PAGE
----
According to the Shafaqna Institute for Middle Eastern Studies an estimated 25 000 to 30 000 foreign fighters would have already swollen ISIL ranks, with about 7 000 fighters in Libya itself – a number which could very well double should the NATO returns to the offensive, playing into the group’s argument that Western powers seek to colonize the African continent once more.
If ISIL has relied on its foreign fighters to expand its reach, the group’s ability to recruit locals should not be underestimated. In January Algeria arrested some 300 Moroccans attempting to cross into Libya – the suspicion is they were planning to join the 1,500 Moroccans already among ISIL’s ranks.
The fear is that ISIL could metastasize across Africa, now that it has gained a foothold into Libya. “Once outside Libya, ISIL may form stronger ties with other militant groups that are on the rise in Africa, such as al-Shabab, Ansar Dine, the Movement for Unity and Jihad in West Africa (MUJAO) and Boko Haram. Perhaps a worse (and more likely) scenario than unity is that the differences between these groups will lead them to compete for who can draw the most blood,2 noted Abderrahmane.
These groups are already piling up quite the death toll in Africa: AQIM and its affiliate al-Mourabitoun claimed responsibility for a January attack on a hotel in Burkina Faso’s Ouagadougou that killed at least 30; Ansar Dine copped to killing 5 UN peacekeepers in a February attack in northern Mali; al-Shabab killed 14 civilians when they attacked a Mogadishu hotel later that month; and AQIM hit again in mid-March, killing at least 16 people on an Ivory Coast beach. And these are hardly the only examples of Islamist militant action in the region.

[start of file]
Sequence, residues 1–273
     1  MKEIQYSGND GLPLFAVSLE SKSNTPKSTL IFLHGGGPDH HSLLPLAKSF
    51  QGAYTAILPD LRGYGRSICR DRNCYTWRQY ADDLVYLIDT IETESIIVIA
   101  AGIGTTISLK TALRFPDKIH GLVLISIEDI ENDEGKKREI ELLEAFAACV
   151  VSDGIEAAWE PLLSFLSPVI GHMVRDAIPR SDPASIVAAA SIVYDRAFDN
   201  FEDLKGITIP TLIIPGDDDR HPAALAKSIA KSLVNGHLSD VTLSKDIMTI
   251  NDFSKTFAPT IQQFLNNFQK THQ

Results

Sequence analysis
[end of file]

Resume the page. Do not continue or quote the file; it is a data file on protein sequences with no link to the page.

Amin Ketem, an Algerian researcher explained that a second intervention by the NATO could have devastating effects on neighbouring Tunisia, at a time when its institutions remain fragile. Just out of a revolution, and a brush with Islamism, Tunisia will likely crumble should ISIL militants be pushed to retreat within its borders. “A spillover onto Tunisia would be catastrophic for the region, notwithstanding the fact that ISIL could link up to its other branches in the region and create a massive regional front.”
He added: “some 3,000 Tunisians are believed to be among ISIL’s ranks. If foreign powers do make a move, it won’t just be existing fighters Africa has to worry about. A foreign military intervention in Libya would undoubtedly trigger support for IS from other disaffected Libyans, not to mention those from other countries. Foreign intervention could also give IS’s leadership an excuse to call for further attacks like those in Paris or Brussels, carried out by undetectable lone wolves.”
Beyond the immediate risks a second intervention in Libya would present it is also important to consider the human repercussions such a move would ultimately represent. At such a time when Europe stands in the throes of a veritable human exodus, more violence and bloodshed will only feed the monster.
As US President Obama once noted: “Just because we have the best hammer does not mean every hammer is a nail” – meaning wars are not always the solution … Sometimes other paths need to be carved out.
By Catherine Shakdam for the Shafaqna Institute for Middle Eastern Studies